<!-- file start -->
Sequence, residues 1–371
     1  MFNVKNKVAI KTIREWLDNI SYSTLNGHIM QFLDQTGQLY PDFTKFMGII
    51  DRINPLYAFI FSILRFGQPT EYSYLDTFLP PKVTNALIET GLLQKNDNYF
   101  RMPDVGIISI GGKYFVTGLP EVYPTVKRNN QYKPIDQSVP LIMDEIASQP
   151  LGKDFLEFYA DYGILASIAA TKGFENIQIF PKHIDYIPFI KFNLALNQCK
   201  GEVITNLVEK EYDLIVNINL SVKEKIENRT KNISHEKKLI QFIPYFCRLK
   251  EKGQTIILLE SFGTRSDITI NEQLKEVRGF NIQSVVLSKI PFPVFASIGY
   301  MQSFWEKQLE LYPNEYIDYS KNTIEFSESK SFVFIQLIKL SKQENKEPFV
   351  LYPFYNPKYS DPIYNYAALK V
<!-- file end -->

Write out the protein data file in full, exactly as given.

Sequence, residues 1–371
     1  MFNVKNKVAI KTIREWLDNI SYSTLNGHIM QFLDQTGQLY PDFTKFMGII
    51  DRINPLYAFI FSILRFGQPT EYSYLDTFLP PKVTNALIET GLLQKNDNYF
   101  RMPDVGIISI GGKYFVTGLP EVYPTVKRNN QYKPIDQSVP LIMDEIASQP
   151  LGKDFLEFYA DYGILASIAA TKGFENIQIF PKHIDYIPFI KFNLALNQCK
   201  GEVITNLVEK EYDLIVNINL SVKEKIENRT KNISHEKKLI QFIPYFCRLK
   251  EKGQTIILLE SFGTRSDITI NEQLKEVRGF NIQSVVLSKI PFPVFASIGY
   301  MQSFWEKQLE LYPNEYIDYS KNTIEFSESK SFVFIQLIKL SKQENKEPFV
   351  LYPFYNPKYS DPIYNYAALK V